"lake powell" Discussed on WTOP
"9 40 and efforts are underway to manage and conserve the Colorado River as prolonged drought and record heat SAP water supplies. The federal government has announced more water restrictions for states that depend on the river, something that affects around 40 million people in 7 states and more in Mexico. The two primary reservoirs Lake mead and Lake Powell are both at about 30% of their normal capacity. Meredith Wilson with emergent risk international says the situation is worrisome. And those lakes provide not only water, but also power to the entire western part of the United States. The stakes for businesses like agriculture are huge. That's 70% of our total water usage overall. Even though they have certain rights to the water that's general public doesn't, it has to be cut back. There's a move to make ocean water usable, but desalination causes its own environmental problems. What do you do with the salt, plus it's very expensive and energy intensive. Liz Anderson WTO news. Virginia tech football players had personal belongings stolen from their lockers during an away game at old dominion. Tech staffers notified police of the missing items within 15 minutes of the hook he's getting back into their locker room after the game Friday night. Police didn't say exactly how many players were affected or the value of the stolen property, it happened after the hokeys lost to ODU 20 to 17 in Norfolk. Discounted movie tickets fueled a pretty good Labor Day weekend box office. National cinema day brought big crowds back to theaters. According to ComScore, it was the highest attended day of the year, drawing more than 8 million people to the movie Saturday, and in just one day, those discounted $3 ticket sales added up to $24.3 million nationwide. It also puts Spidey back on top. I can't save everyone. Spider-Man: No Way Home was number one at the box office again with $6 million in its weekend rerelease. Top Gun: Maverick D.C. league of pets
"lake powell" Discussed on WTOP
"The top stories we're following for you this evening on WTO P, a manhunt is underway in Canada for two men suspected in the deadly stabbings of more than 25 people across 13 locations, at least ten of the victims have died. A baby is in the hospital after being shot in prince George's county this afternoon. Police say the one year old girl was shot inside a home on good luck road in Glendale, one of 5 victims of gun violence in the county this weekend. And changes could be coming to metro's fair structure during a recent Northern Virginia transportation commission meeting. General manager Randy Clark said he hopes to bring different fair options to metro's board. Stay with WTO for more on these stories in just minutes. It's 9 48. Efforts are underway to manage and conserve the Colorado River as prolonged drought and record heat SAP water supplies. New water restrictions are affecting 40 million people. The two primary reservoirs Lake mead and Lake Powell are both at about 30% of their normal capacity. Meredith Wilson with emergent risk international says the situation is worrisome. And those lakes provide not only water, but also power to the entire western part of the United States. The stakes for businesses like agriculture are huge. That's 70% of our total water usage overall Even though they have certain rights to the water that's general public doesn't, it has to be cut back. There's a move to make ocean water usable, but. Desalination causes its own environmental problems. What do you do with the salt, plus it's very expensive and energy intensive. Liz Anderson WTO news. Still ahead in money news. What we're seeing about the cost of maintaining a checking account these days. I'm Mark Hamrick with the results of our annual study in my report coming up. 9 48. Traffic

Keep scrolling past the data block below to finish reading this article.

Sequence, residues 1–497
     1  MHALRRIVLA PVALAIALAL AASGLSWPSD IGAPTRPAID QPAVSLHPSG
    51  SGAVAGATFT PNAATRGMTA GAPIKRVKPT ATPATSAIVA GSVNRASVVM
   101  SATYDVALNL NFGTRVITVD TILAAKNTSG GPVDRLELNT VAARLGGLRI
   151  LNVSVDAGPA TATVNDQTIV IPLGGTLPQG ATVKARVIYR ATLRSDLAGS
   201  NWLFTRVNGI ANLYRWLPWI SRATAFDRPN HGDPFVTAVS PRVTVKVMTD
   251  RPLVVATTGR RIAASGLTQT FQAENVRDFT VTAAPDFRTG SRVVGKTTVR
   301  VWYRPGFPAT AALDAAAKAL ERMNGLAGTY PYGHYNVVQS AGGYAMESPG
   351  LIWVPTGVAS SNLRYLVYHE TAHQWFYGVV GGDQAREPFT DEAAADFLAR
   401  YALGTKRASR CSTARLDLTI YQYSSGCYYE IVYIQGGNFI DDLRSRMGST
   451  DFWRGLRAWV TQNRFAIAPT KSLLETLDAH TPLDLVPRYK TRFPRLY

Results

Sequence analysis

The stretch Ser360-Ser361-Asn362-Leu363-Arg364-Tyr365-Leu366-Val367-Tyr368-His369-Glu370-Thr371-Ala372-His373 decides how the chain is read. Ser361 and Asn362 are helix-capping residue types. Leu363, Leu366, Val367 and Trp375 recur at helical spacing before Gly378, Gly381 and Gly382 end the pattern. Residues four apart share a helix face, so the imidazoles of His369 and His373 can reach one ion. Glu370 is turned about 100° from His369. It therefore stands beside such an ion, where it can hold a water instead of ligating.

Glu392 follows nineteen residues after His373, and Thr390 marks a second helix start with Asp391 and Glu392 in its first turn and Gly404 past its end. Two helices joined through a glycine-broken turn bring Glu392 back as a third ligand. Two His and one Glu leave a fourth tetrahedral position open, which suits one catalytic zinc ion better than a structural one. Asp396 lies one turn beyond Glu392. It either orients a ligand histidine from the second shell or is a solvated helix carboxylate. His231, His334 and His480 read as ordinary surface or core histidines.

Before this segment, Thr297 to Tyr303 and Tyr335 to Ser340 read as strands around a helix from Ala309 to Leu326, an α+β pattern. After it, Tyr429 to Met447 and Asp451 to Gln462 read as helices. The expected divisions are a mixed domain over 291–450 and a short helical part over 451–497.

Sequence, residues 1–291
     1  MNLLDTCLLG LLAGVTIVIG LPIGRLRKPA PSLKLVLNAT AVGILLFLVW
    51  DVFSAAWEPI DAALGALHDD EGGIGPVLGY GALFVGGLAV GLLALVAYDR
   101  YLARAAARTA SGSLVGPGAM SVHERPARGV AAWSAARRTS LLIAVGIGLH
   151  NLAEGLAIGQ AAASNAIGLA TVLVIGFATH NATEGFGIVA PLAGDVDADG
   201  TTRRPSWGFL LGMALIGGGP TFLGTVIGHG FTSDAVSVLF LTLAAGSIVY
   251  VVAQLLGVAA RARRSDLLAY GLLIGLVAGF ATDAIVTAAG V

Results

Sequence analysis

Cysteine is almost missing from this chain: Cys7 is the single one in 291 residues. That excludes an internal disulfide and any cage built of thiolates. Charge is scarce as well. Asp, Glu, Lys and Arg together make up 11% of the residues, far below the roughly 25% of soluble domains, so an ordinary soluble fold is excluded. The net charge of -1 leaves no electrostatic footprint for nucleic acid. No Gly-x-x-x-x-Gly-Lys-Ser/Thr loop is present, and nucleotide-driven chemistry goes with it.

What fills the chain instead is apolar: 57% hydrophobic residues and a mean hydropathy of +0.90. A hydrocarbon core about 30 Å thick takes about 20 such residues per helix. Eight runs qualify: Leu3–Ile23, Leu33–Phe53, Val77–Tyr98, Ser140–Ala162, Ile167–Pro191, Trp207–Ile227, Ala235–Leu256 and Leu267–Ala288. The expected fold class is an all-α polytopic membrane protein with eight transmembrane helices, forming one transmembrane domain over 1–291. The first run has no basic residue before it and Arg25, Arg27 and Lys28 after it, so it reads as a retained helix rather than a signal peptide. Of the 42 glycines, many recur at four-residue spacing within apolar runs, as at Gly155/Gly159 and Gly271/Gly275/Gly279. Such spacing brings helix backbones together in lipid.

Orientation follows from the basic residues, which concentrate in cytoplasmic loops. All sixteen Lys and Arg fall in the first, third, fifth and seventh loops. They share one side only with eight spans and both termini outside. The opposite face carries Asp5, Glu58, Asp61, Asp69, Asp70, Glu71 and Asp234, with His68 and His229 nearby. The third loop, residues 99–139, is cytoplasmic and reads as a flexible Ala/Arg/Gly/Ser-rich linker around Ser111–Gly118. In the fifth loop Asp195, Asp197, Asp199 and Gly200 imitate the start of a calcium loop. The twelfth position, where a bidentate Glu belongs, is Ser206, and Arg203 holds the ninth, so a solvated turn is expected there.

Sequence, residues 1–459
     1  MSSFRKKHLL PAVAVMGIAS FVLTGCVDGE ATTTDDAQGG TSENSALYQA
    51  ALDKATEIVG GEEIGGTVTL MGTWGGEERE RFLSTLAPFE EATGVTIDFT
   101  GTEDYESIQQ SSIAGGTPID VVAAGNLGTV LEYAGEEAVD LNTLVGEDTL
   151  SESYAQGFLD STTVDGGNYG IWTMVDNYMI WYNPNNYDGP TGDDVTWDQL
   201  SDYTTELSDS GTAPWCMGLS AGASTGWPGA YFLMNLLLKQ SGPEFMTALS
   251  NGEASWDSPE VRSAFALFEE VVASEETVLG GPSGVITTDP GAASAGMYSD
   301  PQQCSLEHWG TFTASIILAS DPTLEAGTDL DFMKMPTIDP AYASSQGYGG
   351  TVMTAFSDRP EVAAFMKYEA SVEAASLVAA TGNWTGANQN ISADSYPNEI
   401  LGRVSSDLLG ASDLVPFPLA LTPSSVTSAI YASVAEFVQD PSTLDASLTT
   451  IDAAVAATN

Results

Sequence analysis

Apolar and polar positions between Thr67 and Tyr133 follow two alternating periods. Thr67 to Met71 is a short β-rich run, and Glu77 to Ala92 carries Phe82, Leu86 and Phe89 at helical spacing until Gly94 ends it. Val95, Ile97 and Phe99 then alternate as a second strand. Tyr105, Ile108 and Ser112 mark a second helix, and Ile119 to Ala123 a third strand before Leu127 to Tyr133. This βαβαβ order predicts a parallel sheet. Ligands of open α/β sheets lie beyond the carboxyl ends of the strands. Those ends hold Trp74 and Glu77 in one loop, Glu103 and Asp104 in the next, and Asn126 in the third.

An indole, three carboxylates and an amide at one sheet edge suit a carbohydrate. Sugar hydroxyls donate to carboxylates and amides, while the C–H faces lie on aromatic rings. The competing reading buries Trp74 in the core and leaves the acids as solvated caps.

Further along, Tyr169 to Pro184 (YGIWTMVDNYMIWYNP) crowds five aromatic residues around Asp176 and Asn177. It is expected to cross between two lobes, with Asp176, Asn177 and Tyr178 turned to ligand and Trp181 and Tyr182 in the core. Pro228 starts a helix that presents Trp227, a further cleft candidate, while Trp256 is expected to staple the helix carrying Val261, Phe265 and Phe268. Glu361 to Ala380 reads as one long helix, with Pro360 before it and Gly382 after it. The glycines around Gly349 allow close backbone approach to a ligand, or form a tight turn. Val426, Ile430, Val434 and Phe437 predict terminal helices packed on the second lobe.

"lake powell" Discussed on WTOP
"River, CBS has been tracing. The worst drought in 1200 years and chronic overuse have drained Lake mead and Lake Powell to about a quarter of capacity We're going to Bowie number three, they call it. At Lake Powell this summer we met fishing guides stunned by how fast it's falling. I'm looking at spots that 30, 40 feet up the wall where my bait was hitting where I was fishing just a year ago. There's growing frustration among many flood victims in eastern Kentucky, CBS Jim Crow explains. Many flood victims like Becky Miller have either been denied federal disaster aid or have received very little money from fema, despite their dire situation. I hope they can say that this is something that never happened before and people is not out just for the money they have to get a place to live. Fema says it is provided $36 million in federal disaster aid to flood victims, but has rejected roughly half of the more than 9000 disaster aid applications. White House COVID-19 adviser doctor rajesh Shaw says the administration's goal is to have every child back in school full time. But at the same time, he reminds parents. When I think about my responsibility as a parent, I certainly one of them is one of my kid is sick to not send them to school. That's hard. But it's important because that's how you get big outbreaks in schools. A world famous ultra marathon runner is recovering after having a run in with a coyote near San Francisco. This was on a 150 mile trail race when the ultra marathon runner was attacked from behind by a coyote near the Golden Gate Bridge. Knock me over and thankfully I was running, I'm running with poles, so I whacked it and it ran away. That's case CBS Matt bigler reporting. The special board appointed by President Biden to intervene installed railroad contract talks has suggested that the 115,000 rail workers should get 24,024% raises and thousands of dollars in bonuses as part of a new agreement to avert a strike. Railroads and unions meet for a new round of talks over the next month. This is CBS News. Never miss a moment, top